It’s pumpkin season! fall is the perfect time of the year to get the best pumpkins and porcini mushrooms.
Pumpkins and porcini are a staple in Italian cooking this time of the year. October and November are full of seasonal food festivals in many regions, and the stars of those fairs are pumpkins, porcini, wild boar and chestnuts. In Tuscany porcini wild boar and chestnuts are particularly cherished in the fall, the villages in the mountains of Tuscany are all been well know for those three ingredients for ages.
Pumpkin and porcini health benefits: boost your immune system!
Pumpkins, as an “orange” vegetable, is full of carotenoids that are known to be able to boost our immune system, but can also help in stave cancer cells. Besides carotenoids, pumpkins are vitamins and iron, tryptophans that help sleep better, lots of fibers and also potassium to help in reducing the risk of type 2 diabetes, stroke and kidney stones. The vitamins in the pumpkin are also very helpful for our skin and have many anti-aging properties.
Porcini are also good allies for our health. They are very rich in fibers and so they acts ad prebiotic and allow for a strong diversity in our microbiome. In addition to the direct effect on the microbiome, studies have shown how mushrooms boost our immune system by increasing the production of antibodies such as IgA and IgG. Last but not least, mushrooms are packed with beta-glucans that helps our heart in staying healthy.
Foods like this can and should be enjoyed a lot, especially this time of the year when influenza and other cold or viruses are common.
Pumpkin and porcini: variations
This is a nice recipe to make if you have guests, it makes for a very nice single portion, however, you can easily turn it into a pie or even make a risotto using the same ingredients without the pastry.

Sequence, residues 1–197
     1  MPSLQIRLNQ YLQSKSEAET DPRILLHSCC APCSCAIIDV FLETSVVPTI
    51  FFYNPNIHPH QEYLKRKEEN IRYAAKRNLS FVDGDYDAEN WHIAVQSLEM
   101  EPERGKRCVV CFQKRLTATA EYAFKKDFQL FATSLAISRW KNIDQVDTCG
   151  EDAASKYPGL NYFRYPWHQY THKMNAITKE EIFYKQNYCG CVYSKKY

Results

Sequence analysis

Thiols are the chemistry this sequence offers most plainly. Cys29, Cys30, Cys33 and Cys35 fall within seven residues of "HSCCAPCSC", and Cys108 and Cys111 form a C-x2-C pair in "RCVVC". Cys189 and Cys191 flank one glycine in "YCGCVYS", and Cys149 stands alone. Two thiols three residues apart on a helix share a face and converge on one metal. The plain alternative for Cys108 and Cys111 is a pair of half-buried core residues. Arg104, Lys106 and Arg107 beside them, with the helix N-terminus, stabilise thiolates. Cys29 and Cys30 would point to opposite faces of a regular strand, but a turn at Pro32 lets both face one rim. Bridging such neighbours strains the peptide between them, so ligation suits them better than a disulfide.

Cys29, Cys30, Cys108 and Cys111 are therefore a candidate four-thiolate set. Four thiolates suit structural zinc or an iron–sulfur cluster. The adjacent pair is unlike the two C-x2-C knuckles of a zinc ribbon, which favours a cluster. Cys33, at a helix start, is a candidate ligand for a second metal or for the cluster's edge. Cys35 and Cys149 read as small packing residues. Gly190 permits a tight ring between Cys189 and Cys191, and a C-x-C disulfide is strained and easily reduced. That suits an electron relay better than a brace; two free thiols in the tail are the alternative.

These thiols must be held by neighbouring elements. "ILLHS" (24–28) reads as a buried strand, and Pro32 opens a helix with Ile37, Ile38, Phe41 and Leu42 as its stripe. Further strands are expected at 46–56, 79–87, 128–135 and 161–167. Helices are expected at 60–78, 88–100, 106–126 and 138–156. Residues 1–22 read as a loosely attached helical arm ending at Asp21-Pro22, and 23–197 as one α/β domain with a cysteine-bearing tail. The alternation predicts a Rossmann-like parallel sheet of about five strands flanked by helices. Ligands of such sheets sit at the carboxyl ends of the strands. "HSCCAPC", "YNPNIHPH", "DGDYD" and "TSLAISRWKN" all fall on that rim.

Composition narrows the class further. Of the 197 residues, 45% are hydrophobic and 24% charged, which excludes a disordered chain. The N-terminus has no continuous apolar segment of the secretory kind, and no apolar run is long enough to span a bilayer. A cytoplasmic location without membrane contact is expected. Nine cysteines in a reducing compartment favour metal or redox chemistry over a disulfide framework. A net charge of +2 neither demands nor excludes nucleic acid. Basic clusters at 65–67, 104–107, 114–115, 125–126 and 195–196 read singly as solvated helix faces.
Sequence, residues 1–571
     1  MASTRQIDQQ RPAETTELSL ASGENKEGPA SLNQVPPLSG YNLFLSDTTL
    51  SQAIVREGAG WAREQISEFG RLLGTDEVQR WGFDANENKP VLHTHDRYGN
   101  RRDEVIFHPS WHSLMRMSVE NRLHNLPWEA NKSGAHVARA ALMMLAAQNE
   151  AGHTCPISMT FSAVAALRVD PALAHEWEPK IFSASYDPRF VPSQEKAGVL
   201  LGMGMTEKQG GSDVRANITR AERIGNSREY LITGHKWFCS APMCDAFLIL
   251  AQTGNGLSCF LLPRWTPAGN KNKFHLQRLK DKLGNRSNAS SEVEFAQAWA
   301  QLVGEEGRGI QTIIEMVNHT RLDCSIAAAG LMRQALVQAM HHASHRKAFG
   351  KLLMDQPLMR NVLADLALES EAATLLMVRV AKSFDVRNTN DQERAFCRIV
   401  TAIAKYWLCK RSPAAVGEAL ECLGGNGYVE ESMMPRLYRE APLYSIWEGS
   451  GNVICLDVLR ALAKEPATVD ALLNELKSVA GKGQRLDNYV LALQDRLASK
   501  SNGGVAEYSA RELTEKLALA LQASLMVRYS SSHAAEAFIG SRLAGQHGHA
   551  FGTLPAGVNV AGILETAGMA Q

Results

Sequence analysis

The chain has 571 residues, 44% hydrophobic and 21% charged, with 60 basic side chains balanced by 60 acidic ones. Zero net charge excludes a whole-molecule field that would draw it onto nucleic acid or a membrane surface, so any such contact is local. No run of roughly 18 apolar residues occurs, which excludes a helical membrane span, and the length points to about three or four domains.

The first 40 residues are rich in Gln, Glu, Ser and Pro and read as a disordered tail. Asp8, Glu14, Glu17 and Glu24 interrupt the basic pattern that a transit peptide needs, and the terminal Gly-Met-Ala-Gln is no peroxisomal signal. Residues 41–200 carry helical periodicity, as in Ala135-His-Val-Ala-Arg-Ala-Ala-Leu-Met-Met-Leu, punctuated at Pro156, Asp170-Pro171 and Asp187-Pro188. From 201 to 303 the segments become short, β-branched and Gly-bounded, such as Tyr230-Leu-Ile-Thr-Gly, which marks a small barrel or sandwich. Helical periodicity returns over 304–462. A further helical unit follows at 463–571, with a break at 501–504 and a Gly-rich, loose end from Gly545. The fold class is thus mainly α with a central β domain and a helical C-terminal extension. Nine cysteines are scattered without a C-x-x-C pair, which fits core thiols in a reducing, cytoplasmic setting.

Want to turn it into a vegan recipe?
Use extra virgin olive oil or coconut oil instead of butter. To spread it on the pastry a brush will help keep the oil layer uniform.
Ingredients for 4/6 servings
- 70gr of butter (50g for the dough, 20g more for the folds)
- 120gr of plain flour
- 1 pinch of salt
- 1 pinch of baking powder
- 200gr of pumpkin or pumpkin purée
- 5gr of dried porcini mushrooms (30gr if using fresh porcini)
- rosemary and garlic
- salt and pepper
- extra virgin olive oil
Soak the dried porcini into lukewarm water for at least 30 minutes. If you are using fresh skip the soaking.
While waiting, combine 50gr of butter with 100gr of flour, the baking powder and a pinch of salt in a bowl. Mix the ingredients until you get a crumbly dough. Add 4 tablespoon of water and keep kneading. The dough must be smooth and a little sticky. If it becomes too sticky, add the rest of the four. The dough must be very elastic and very soft.
Flatten the dough into a rectangle 1cm thick with a rolling pin, on a pastry board dusted with four. Spread the pastry evenly with half of the remaining butter. Fold the bottom third of the rectangle up toward the centre, aligning the edges. Then fold the top third down. Flatten again the dough and spread the rest of the butter. Fold again two times more. Let the dough sit in the fridge, covered with a plastic wrap until the filling is ready.
Cut the pumpkin into 0,5cm cubes and stir fry it on a pan with a tablespoon of oil, a crushed garlic and some rosemary. When golden brown, add some water, salt and pepper and let it cook for about 10 minutes.
If you are using pumpkin puree, mix it in a bowl with some dried garlic powder and dried rosemary.
Cut the porcini into small pieces and add them to the pumpkin. Let it cook for five more minutes then, check the saltiness and turn off the heat.
Flatten the pastry with a rolling pin and cut discs a little bigger that the holes of a muffin pan. Put the discs in the pan and fill them with the pumpkin and porcini mixture. Cut the remaining pastry into stripes to decorate the little basket.
Bake the baskets at 200°C (390°F) for about 30 minutes. Serve warm or cold.